This article is more than 1 year old
Developers renew push to get rid of objectionable code terms to make 'the world a tiny bit more welcoming'
'Blacklist' and 'master' keep getting removed from source code
Amid the protests over the death of George Floyd, activists in the software community have taken the opportunity to remind people that they're trying to do away with terminology tied to racial oppression.
On Monday, Scott Hanselman, a programmer and educator who happens to work at Microsoft, published a blog post about how to rename the "master" branch in code repositories created using Git version control software with a less loaded term.
"The Internet Engineering Task Force (IEFT) points out that 'master-slave is an oppressive metaphor that will and should never become fully detached from history' as well as 'In addition to being inappropriate and arcane, the master-slave metaphor is both technically and historically inaccurate,'" he wrote.
"There's lots of more accurate options depending on context and it costs me nothing to change my vocabulary, especially if it is one less little speed bump to getting a new person excited about tech."
This comes from an IETF draft document published in 2018, the same year developers involved in Redis and Python made a push to purge "master/slave" terminology, not to mention Rails.
That same year, the terms elicited a bug report in Google's Chromium project, one that has led to a series of changes since then, percolating down through various header and source files to change "blacklist" to a term without racial overtones, "blocklist," and "whitelist" to "allowlist."
On Saturday, that effort led to a proposed name change for the classes in the components/blacklist directory, the effect of which can be seen in code diffs like this one.
Redis does a Python, crushes 'offensive' master, slave code termsREAD MORE
Google did not immediately respond to a request for comment, but these changes represent an attempt to comply with the company's code inclusivity guidelines for its Chromium project.
Google is far from the only company dealing with this issue. Pivotal's LicenseFinder swapped "whitelist" for "permitted licenses" in January. Box is currently discussing a shift to "allowlist" and "denylist." Elixir nixed the terms about a week ago. OpenShift merged a pull request to adopt alternate language four days ago. Yelp modified its secret scanning code about two weeks ago. The osquery project is working on it.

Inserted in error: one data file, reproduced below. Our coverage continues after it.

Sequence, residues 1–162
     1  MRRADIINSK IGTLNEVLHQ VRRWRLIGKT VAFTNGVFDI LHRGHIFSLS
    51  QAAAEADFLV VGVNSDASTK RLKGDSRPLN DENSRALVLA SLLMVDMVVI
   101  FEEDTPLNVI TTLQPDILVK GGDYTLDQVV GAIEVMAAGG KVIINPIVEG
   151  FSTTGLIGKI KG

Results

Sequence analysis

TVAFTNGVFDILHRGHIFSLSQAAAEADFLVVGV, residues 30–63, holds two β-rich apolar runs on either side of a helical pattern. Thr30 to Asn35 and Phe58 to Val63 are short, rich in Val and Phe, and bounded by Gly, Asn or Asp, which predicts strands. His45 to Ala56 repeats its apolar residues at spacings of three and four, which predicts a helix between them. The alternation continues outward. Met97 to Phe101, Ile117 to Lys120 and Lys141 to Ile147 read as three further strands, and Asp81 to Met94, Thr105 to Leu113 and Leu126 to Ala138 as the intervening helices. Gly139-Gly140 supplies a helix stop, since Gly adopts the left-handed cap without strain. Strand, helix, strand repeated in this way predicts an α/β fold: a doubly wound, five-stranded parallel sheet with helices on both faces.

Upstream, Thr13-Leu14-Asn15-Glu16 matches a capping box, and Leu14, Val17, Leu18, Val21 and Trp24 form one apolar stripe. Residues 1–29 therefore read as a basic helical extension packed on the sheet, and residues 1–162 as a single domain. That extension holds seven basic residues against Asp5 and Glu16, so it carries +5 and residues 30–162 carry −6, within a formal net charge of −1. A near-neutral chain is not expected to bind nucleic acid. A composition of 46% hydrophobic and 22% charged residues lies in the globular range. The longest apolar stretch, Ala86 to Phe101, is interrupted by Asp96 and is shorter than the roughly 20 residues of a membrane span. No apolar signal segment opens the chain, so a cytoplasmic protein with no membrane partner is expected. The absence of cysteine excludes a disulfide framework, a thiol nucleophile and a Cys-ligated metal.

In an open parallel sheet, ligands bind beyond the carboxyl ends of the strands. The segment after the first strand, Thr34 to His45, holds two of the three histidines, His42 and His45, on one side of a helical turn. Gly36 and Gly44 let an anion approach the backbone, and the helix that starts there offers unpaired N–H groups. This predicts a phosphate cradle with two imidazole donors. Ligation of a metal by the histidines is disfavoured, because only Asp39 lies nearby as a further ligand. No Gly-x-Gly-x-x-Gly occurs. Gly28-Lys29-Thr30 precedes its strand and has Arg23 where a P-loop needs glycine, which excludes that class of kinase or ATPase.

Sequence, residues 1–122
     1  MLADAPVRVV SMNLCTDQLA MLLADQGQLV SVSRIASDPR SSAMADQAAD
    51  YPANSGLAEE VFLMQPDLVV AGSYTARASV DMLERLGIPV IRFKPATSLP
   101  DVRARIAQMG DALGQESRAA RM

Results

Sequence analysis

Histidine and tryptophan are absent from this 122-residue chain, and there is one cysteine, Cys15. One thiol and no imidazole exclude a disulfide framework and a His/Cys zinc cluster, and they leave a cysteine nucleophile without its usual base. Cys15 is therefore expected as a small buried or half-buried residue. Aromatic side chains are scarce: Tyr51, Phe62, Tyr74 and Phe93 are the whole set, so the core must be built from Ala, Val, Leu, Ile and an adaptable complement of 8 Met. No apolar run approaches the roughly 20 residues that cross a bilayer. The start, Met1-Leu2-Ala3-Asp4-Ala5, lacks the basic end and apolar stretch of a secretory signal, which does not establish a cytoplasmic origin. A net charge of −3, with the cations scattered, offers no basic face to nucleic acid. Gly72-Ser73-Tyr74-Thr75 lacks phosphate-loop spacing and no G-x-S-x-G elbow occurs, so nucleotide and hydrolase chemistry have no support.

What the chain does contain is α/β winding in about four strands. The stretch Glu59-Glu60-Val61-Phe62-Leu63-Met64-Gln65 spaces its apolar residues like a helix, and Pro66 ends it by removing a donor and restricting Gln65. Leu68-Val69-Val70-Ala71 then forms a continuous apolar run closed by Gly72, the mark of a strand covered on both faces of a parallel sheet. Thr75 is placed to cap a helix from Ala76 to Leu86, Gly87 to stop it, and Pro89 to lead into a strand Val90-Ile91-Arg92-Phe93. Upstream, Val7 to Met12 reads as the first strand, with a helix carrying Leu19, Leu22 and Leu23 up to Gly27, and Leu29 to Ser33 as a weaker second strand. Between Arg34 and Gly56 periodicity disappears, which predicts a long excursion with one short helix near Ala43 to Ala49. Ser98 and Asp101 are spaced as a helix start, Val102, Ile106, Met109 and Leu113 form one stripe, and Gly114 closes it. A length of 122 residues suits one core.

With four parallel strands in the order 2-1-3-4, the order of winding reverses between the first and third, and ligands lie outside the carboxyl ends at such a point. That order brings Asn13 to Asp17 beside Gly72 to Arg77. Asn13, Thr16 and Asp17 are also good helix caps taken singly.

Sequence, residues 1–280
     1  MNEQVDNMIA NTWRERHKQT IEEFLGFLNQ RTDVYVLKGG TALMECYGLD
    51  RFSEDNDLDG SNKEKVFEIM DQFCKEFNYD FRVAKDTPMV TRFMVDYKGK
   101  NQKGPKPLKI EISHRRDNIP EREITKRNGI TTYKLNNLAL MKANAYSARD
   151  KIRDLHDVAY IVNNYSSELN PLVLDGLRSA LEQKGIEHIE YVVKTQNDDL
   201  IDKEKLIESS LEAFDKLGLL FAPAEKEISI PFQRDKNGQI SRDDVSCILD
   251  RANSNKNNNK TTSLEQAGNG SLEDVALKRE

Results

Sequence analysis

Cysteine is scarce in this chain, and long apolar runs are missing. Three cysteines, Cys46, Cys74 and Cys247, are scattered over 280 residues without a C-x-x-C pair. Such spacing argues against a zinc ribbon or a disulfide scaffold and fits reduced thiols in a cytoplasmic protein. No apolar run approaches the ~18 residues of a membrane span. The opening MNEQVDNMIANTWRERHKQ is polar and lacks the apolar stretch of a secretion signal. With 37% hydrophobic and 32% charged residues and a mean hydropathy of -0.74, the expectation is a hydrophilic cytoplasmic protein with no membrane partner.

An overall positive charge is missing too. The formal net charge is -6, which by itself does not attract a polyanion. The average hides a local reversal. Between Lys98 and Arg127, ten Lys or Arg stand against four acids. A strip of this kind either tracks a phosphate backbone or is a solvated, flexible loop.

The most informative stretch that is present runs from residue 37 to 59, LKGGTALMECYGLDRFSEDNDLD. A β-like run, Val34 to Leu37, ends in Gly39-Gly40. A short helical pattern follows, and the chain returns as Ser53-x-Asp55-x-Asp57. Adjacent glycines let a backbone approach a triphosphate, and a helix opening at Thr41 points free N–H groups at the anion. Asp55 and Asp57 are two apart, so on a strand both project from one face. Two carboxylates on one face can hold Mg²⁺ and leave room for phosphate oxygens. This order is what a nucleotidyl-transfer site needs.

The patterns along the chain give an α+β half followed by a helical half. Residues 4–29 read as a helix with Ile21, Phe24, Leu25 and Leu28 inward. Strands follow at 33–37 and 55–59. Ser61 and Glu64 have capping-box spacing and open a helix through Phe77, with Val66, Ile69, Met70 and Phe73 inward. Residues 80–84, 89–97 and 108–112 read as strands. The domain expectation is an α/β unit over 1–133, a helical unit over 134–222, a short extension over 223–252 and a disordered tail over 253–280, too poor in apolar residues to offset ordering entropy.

Among those contributing to the open source Git project, "master" terminology came up in a mailing list discussion last month about fixing the terminology in the Git source code. The proposal met with resistance, partly because of the amount of work it would entail.
In response to a post arguing for revised wording, Brian Carlson, a developer at GitHub who also contributes to the Git codebase, acknowledged the concerns that have been raised about the terms and objections to making changes. He expressed willingness to review potential changes to Git source code that would purge the term but said he couldn't undertake the project himself.
"It appears that if we made the obvious one-line change to
builtin/init-db.c, we'd have 304 tests that fail, which is about a third of our test suite," he said.
At GitHub, the GitHub CLI replaced "master" with "trunk" about two weeks ago and the GitHub Desktop software did the same n 2019.
Despite significant support for these changes, there are also detractors who point out that Git's use of "master" hails from sound recording rather than slave owning (as opposed to the master/slave descriptors applied to device networking) and that "master" has other connotations, like expertise in a field.
Google's guidance on inclusive coding, which focuses more on the use of gendered terms rather than racial ones, notes some of the potential problems with trying to apply inclusive language. For example, coders are advised to avoid the gendered pronoun "he," but "he" is okay if it refers to Helium, the ISO 639-1 language code for Hebrew or the first person conjugation of the Spanish verb "Haber."
Hanselman acknowledges that vocabulary revision does not erase history or make people less racist. "All it does is make the world a tiny bit more welcoming," he said via Twitter. ®